WHO NEEDS A VACCINE: Report says one in five willing to travel now
While news about a vaccine at last seems promising, a new global survey (including Canada) says one in five travellers say it is okay to travel now and are not waiting for an antidote to COVID-19 to be available.
“Vaccines are important but personal judgement is still the leading factor for deciding to travel, ahead of government restrictions and advice from the World Health Organization,” says Bruce Spear, a partner with Oliver Wyman, which produced the report. “This means the travel industry must focus on measures that increase individual customer safety such as mandatory masks, cleaning and rapid testing and not wait for governments to issue directives.”
Entitled “Anticipating the Travel Recovery,” the report found several other changes in traveller behaviour since an initial survey was conducted in late April/early May.
• Leisure Travel – Interest in leisure travel remains strong and has grown since May, with 63% of respondents expecting to travel the same amount or more post-pandemic. While most travellers in the US, Spain, Italy, China, and Australia are planning domestic trips, travellers in Canada, UK, France, and Germany are planning international locations (mostly in their home region) for their next leisure trip post-COVID. The No. 1 driver for these leisure trips globally is to visit friends and family.
• Business Travel – 43% of all respondents who travel for business plan to travel less in the future, a 16-point increase from May. Business travellers have gotten more comfortable with teleconferencing, but only 53% agree that they can develop new relationships via teleconferencing. This drops to 47% for business travellers under 30. While half of business travellers expect no change in trip duration, 30% expect to shorten their trips when possible, which will impact hotel stays.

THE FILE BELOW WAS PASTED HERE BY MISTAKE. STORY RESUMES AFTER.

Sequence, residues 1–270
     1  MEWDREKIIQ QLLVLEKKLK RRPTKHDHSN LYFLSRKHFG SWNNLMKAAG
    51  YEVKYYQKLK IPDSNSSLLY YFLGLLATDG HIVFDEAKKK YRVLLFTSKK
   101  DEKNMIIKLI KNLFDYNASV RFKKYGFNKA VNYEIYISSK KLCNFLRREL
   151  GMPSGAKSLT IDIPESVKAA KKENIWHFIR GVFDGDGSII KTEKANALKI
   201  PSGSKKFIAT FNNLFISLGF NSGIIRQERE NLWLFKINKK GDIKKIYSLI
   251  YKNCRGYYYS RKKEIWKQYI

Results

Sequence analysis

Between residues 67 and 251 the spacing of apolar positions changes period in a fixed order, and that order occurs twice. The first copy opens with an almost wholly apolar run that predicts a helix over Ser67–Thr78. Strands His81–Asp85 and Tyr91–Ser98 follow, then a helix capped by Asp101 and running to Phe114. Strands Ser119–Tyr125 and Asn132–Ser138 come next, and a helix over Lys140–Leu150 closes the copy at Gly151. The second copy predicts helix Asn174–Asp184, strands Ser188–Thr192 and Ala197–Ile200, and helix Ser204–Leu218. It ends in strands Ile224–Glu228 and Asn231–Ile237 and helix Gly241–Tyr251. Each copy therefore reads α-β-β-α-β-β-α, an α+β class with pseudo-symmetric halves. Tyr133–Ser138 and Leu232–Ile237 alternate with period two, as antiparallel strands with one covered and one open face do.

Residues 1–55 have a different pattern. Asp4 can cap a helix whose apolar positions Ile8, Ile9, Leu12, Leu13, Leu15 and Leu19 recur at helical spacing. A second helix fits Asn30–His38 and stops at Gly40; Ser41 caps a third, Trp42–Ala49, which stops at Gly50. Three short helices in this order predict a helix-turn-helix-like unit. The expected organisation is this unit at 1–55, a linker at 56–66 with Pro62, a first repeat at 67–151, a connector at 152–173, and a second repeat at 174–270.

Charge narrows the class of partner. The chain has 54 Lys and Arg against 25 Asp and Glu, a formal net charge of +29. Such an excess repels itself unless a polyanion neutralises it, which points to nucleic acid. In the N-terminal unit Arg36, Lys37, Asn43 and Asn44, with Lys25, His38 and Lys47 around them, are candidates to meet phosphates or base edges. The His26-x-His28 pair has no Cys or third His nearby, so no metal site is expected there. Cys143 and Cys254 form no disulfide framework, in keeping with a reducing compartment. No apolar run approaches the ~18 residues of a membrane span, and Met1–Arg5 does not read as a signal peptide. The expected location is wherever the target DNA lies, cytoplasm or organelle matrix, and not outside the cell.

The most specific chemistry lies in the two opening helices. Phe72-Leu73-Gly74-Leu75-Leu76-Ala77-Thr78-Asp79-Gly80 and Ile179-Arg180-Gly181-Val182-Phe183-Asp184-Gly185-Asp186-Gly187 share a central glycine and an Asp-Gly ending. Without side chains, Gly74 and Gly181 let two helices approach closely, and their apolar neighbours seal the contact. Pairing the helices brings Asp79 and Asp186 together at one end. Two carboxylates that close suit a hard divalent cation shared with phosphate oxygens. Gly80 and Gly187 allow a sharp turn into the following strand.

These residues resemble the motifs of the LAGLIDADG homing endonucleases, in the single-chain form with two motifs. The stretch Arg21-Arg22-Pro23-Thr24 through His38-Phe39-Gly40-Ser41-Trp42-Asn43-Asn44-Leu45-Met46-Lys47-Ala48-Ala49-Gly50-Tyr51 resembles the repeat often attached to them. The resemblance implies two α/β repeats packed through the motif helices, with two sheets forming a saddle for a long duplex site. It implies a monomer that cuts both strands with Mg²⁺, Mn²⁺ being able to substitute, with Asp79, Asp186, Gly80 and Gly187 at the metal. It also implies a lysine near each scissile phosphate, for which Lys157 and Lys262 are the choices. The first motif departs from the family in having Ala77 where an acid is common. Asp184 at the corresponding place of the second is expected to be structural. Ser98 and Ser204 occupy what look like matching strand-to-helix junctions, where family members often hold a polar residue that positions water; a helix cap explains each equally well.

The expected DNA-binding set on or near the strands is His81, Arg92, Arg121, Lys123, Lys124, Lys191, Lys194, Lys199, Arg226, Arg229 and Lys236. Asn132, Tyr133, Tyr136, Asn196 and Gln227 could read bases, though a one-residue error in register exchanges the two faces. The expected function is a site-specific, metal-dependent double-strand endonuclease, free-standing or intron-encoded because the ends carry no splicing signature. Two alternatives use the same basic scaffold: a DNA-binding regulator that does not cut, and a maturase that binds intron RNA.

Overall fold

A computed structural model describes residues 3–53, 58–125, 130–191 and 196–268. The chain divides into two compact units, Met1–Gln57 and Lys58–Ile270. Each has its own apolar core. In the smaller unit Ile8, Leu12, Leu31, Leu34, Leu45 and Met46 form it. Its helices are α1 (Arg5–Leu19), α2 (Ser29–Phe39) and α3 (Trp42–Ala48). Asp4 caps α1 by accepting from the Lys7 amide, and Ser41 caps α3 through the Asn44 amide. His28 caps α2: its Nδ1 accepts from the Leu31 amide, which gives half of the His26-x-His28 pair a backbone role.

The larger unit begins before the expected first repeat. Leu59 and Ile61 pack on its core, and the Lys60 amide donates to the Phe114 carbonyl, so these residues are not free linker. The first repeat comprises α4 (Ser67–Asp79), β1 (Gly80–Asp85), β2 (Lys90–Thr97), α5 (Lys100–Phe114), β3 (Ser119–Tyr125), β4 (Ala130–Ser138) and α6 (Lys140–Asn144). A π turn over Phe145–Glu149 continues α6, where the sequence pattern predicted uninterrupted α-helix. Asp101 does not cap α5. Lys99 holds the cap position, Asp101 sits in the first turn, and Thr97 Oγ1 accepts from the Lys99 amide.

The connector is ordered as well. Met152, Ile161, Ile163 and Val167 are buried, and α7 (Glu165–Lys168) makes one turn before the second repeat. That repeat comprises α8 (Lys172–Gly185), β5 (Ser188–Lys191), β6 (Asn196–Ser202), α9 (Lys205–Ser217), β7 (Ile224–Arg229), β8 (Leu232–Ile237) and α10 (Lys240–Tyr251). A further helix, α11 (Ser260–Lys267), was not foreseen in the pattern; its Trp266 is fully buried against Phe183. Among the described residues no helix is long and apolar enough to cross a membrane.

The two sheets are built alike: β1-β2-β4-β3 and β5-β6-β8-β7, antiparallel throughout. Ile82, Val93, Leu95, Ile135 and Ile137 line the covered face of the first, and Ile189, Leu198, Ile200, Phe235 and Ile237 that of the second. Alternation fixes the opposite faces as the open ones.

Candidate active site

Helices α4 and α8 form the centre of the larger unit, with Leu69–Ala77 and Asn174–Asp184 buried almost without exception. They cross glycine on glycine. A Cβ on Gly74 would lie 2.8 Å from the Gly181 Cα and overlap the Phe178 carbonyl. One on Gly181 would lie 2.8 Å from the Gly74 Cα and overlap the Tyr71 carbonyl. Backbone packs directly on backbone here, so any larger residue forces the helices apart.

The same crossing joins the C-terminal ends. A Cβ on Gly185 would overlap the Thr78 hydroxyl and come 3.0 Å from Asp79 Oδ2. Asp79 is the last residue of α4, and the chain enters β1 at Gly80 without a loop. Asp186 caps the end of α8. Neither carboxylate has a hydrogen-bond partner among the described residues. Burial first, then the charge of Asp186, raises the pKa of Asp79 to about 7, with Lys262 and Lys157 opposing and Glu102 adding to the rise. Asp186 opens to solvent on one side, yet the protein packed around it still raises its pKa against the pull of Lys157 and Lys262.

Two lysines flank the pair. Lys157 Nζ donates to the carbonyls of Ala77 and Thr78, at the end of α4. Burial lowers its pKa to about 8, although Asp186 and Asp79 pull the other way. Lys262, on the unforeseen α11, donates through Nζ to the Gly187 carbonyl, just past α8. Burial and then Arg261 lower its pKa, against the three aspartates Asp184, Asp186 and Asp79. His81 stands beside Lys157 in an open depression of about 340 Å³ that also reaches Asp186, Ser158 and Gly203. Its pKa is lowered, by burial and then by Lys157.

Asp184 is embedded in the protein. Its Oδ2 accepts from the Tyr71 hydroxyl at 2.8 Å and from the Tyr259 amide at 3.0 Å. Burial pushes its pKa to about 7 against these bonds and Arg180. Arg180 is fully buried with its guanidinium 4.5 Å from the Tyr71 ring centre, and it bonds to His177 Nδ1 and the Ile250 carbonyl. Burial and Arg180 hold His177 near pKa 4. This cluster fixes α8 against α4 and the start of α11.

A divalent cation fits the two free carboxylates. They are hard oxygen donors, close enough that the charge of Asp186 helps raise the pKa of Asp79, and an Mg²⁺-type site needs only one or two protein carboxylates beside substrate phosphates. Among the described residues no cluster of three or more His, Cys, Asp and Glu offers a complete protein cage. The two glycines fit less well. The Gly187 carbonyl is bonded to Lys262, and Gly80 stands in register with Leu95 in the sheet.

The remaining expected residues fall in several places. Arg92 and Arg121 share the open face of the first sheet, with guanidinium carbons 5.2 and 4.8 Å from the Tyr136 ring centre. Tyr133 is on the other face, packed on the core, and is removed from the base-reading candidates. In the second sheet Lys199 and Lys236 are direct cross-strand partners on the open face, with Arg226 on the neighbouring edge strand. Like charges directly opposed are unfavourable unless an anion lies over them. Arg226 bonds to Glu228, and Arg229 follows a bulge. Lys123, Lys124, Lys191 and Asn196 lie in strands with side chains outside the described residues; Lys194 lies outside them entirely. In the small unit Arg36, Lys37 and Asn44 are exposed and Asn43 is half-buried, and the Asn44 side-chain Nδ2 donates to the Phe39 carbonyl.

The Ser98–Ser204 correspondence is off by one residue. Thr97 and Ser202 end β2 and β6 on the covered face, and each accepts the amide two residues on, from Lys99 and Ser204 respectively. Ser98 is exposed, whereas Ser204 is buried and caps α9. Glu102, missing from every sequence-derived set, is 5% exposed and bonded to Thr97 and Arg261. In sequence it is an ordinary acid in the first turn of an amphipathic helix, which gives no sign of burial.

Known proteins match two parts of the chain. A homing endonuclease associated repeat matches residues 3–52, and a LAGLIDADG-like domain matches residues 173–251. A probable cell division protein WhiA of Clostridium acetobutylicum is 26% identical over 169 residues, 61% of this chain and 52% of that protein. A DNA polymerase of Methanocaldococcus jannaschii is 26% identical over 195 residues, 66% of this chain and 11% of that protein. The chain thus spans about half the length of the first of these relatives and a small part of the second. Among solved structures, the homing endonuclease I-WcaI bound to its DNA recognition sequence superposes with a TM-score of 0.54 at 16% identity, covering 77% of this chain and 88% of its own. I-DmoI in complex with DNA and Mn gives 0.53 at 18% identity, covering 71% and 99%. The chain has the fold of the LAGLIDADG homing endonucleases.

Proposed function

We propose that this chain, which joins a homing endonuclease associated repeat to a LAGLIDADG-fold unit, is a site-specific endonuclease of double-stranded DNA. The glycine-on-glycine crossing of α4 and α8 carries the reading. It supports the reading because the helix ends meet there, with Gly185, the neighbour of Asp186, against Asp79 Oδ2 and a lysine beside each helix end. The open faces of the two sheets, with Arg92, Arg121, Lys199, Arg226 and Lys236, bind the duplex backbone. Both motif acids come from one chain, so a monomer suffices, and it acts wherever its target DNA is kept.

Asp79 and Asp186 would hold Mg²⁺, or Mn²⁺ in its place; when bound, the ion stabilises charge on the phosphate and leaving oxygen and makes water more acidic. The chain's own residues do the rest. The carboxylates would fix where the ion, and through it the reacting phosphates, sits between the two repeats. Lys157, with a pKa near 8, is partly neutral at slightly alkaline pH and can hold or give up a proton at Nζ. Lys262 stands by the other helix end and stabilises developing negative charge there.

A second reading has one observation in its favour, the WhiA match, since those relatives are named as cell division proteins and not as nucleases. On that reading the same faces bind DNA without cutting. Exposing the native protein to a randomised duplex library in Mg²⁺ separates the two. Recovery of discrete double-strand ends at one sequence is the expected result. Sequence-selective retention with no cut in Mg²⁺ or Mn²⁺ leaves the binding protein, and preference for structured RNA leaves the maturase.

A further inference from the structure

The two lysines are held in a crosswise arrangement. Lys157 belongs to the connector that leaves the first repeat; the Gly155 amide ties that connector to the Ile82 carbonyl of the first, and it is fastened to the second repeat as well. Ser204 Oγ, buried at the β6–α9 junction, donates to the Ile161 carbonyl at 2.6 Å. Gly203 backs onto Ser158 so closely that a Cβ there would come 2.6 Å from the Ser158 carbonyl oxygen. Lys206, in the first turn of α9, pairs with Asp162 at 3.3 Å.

• Modes of transport – Overall respondents are more comfortable with various transportation options than they were in May. Half are now comfortable taking a flight and almost 60% are comfortable staying at a hotel. However, less than a third are comfortable using public transportation or ride sharing.
• Cruises – In May, the cruise industry was still reeling from news of passengers quarantined at sea. Since then, the gap between cruises and other experiences involving significant interaction with others has closed. Respondents now feel as comfortable taking a cruise as attending a convention or going to a concert or sporting event. Past cruisers are more comfortable than first timers.
The survey also asked people about actual travel they have done during the pandemic. Overall, 31% have travelled by air and 24% by train (more than two hours) since March; 60% of these trips were primarily for leisure.
Half of travellers (51%) were excited to travel, while only a quarter reported being reluctant. Almost 80% of those who travelled were satisfied with most components of their experience, including check-in, security, boarding process, passenger and crew PPE. Travellers were less impressed with food and beverage and airport/station retail because many of these amenities have been nearly eliminated.
Price remains the top factor for consumer choice, followed by cleaning policies and treatment of travellers. The exception is in China, where aircraft cleaning policies and treatment by the airline outrank price. Travellers view cleaning and mask mandates as the most important health and safety measures, but 40% would still like to see an empty seat next to them on planes and trains.
“As we continue to adjust to our new COVID reality, travel providers will see a shift in their core customer base due to reduced business demand,” said Jessica Stansbury, a partner with Oliver Wyman. “Leisure travel will continue to drive the recovery and addressing new customer expectations will be critical. There is no wiggle room for travel companies when it comes to defining, communicating, and enforcing policies for cleanliness and ensuring safety.”
The survey, conducted by management consulting firm Oliver Wyman, which has offices in 60 cities across 29 countries, involved more than 4,600 people in nine countries (Australia, Canada, China, France, Germany, Italy, Spain, UK, and US) all of whom had flown at least once in 2019. A third also have travelled by air and/or rail in the past six months.
First published at Travel Industry Today